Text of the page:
Tuesday, 6 August 2013

Pedagogy in early childhood - Part 1

Effective pedagogy in the early childhood curriculum is important to the best education outcomes for young children. Te Whaarik, the curriculum document of New Zealand requires teachers having in-depth knowledge of the learner and mediating learning through responsive and reciprocal interactions.

Te Whariki

The early childhood curriculum of New Zealand is called Whaariki, or a mat. You may visualise it as woven from the principles, strands and goals as defined in the curriculum document. The four principles, namely, Empowerment, Holistic Development, Family and Community, and Relationships, are followed by five strands, or essential areas of  learning and development. They are Well-being, Belonging, Contribution, Communication and Exploration. Each strand has several goals, and learning outcomes have been developed for each goal. Learning goals are broad and include knowledge, skills, and dispositions. 

The principles and strands of Te Whāriki form the framework of the curriculum in early childhood services in New Zealand . Effective pedagogy enables education and care to be integrated, with learning, development, and experiences for children inter-related. 

The curriculum explicitly states that it is informed by the perspective of "socially and culturally mediated learning", which highlights the critical role of reciprocal and responsive relationships for children with people, places and things in teaching and learning. Effective pedagogy is linked to children learning through collaboration with adults and peers, through guided participation and observation of others, as well as through individual exploration and reflection.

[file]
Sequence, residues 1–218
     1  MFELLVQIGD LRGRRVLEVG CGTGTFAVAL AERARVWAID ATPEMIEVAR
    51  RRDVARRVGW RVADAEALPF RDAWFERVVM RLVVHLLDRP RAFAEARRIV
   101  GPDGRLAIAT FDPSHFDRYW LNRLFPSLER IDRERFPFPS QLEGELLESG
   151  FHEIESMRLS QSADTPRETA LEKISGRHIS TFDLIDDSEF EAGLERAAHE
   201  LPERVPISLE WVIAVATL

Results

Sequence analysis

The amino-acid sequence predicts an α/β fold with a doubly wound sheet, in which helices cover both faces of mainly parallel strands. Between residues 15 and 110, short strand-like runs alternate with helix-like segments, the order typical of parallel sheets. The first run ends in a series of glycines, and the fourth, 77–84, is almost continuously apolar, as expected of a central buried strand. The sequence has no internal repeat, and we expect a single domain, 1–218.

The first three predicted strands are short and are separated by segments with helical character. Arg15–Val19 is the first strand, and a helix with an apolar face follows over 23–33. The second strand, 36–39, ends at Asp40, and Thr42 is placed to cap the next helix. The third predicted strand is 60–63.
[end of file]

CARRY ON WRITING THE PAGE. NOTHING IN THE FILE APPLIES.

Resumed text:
Responsive and reciprocal relationships require the teacher to understand children’s experiences, interests and "fund of knowledge". To support such understanding, the teacher needs to build linkages between the settings of home and early childhood service, including sharing with families curriculum and learning aims. Within the early childhood setting,  reciprocal interactions makes a key contribution to children’s learning and wellbeing. Effective teaching practice is achieved by teachers who are involved, responsive and cognitively demanding, and who encourage “sustained shared thinking” where adults and children co-construct an idea or skill. The pedagogy affirms teachers’ beliefs and assumptions from a credit point of  view as the knowledge and skills of families and children are acknowledged and built on. 

Te Whaariki does not mention, specifically, any developmental theories. However, it pays tribute to socially and culturally learning, suggesting that learning and teaching is an interplay between the two lines of development - the "natural line" that appreciates construction of knowledge from within the learner, and the "social-historical line" that appreciates the environmental forces (one's culture and background) that influence the child from without.